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Barclays discloses UK corporation tax liability

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Barclays has voluntarily disclosed that its UK corporation tax liability for 2011 was approximately £300m.

The bank said in its ‘citizenship report’ that it recognised the need to reflect a ‘changing approach’ to the taxation of corporates in the way it managed its future tax affairs. ‘The UK taxes borne in 2011 included corporation tax of £0.3bn plus bank levy of £0.2bn paid to HMRC,’ it said.

Barclays noted that ‘many commentators’ sought to compare the taxes paid in a year in a specific country to the profit generated in that country, to test whether the tax paid was ‘fair’. This was not a straightforward exercise for timing-related reasons, it said.

Barclays also pointed out that the UK corporation tax figure could not be compared against its overall, global profit before tax in 2011, because ‘a significant portion of that profit was earned via operations outside of the UK and is generally, therefore, not subject to tax in the UK’.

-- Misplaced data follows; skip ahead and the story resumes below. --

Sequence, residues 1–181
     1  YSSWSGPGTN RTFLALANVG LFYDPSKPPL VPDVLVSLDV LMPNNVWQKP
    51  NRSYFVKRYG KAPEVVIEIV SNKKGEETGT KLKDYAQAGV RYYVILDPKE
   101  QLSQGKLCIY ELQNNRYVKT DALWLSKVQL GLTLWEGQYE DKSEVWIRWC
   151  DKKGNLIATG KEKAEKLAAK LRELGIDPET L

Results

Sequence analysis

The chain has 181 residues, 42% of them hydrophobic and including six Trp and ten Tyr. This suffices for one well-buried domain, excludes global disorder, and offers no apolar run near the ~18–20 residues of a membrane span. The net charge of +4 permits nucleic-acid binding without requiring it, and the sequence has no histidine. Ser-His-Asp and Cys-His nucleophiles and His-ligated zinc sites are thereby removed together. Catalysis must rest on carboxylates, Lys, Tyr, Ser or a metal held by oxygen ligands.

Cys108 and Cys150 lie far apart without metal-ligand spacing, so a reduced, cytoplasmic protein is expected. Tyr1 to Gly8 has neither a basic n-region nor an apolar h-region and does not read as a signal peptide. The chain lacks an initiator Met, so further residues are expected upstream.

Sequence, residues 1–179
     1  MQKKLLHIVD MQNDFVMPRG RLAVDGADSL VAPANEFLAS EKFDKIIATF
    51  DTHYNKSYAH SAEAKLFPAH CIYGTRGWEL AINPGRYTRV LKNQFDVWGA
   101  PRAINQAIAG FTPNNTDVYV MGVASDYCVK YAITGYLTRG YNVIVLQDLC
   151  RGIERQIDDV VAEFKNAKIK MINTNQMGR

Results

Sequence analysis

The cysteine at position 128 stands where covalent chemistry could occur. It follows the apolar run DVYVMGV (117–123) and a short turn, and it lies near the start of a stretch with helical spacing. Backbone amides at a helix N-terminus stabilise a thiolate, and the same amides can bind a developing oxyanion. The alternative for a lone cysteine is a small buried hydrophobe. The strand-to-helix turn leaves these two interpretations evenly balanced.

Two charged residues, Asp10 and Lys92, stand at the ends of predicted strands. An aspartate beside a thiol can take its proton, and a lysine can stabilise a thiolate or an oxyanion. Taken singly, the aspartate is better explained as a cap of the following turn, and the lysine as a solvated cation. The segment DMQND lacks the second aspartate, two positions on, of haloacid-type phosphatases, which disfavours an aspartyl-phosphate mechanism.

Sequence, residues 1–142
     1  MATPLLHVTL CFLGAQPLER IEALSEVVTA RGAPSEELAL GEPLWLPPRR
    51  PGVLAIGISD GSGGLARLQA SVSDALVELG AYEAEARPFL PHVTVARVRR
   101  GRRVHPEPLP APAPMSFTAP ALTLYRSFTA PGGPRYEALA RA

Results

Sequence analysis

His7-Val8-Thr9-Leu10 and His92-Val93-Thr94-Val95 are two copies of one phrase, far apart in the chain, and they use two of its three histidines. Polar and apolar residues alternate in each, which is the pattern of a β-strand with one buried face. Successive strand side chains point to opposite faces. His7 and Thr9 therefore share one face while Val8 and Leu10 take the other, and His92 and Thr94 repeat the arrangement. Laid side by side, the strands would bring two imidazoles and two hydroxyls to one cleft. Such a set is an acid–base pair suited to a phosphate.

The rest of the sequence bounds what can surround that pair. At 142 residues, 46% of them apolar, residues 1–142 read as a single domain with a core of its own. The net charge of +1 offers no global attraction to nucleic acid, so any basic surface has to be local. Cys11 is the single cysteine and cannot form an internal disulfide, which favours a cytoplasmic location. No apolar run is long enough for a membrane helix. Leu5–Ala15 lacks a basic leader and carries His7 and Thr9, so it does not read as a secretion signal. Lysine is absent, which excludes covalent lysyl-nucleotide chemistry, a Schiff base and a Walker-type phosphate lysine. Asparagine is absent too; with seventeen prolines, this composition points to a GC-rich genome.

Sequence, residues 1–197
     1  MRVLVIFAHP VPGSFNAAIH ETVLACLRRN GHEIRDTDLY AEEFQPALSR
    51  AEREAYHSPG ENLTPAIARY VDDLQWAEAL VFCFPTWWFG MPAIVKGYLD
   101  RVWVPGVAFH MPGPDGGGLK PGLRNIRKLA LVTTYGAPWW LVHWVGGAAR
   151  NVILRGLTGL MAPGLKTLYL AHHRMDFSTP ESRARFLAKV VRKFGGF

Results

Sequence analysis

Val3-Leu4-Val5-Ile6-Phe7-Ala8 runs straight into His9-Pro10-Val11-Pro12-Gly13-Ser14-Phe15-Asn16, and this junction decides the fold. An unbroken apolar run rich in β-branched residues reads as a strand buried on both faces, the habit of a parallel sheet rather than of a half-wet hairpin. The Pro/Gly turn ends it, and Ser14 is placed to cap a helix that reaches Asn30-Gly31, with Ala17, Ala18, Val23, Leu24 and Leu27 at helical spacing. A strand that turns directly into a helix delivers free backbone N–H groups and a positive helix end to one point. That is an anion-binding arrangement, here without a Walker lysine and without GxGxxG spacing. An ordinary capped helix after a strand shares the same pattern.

But there was a ‘material interest’ in comparing the UK corporate tax to a relevant profit figure for 2011, it said. The ‘profit before tax in the UK after taking account of brought forward losses’ was approximately £1bn. The figures exclude any additional tax payable as a result of the retrospective change in the law announced on 27 February.

Barclays said it was ‘simply not the case’ that its operations in ‘offshore finance centres’ were used for the purposes of tax avoidance. ‘Virtually all’ of the profits generated in its 134 Cayman Islands companies were subject to corporate tax at the UK rate.

A business leader in The Observer noted that the group was pledging to reduce in 2012 the number of ‘Cayman offshoots’, but added: ‘The opaque language [used in the report] means that, yet again, Barclays is raising more questions than it has answered.’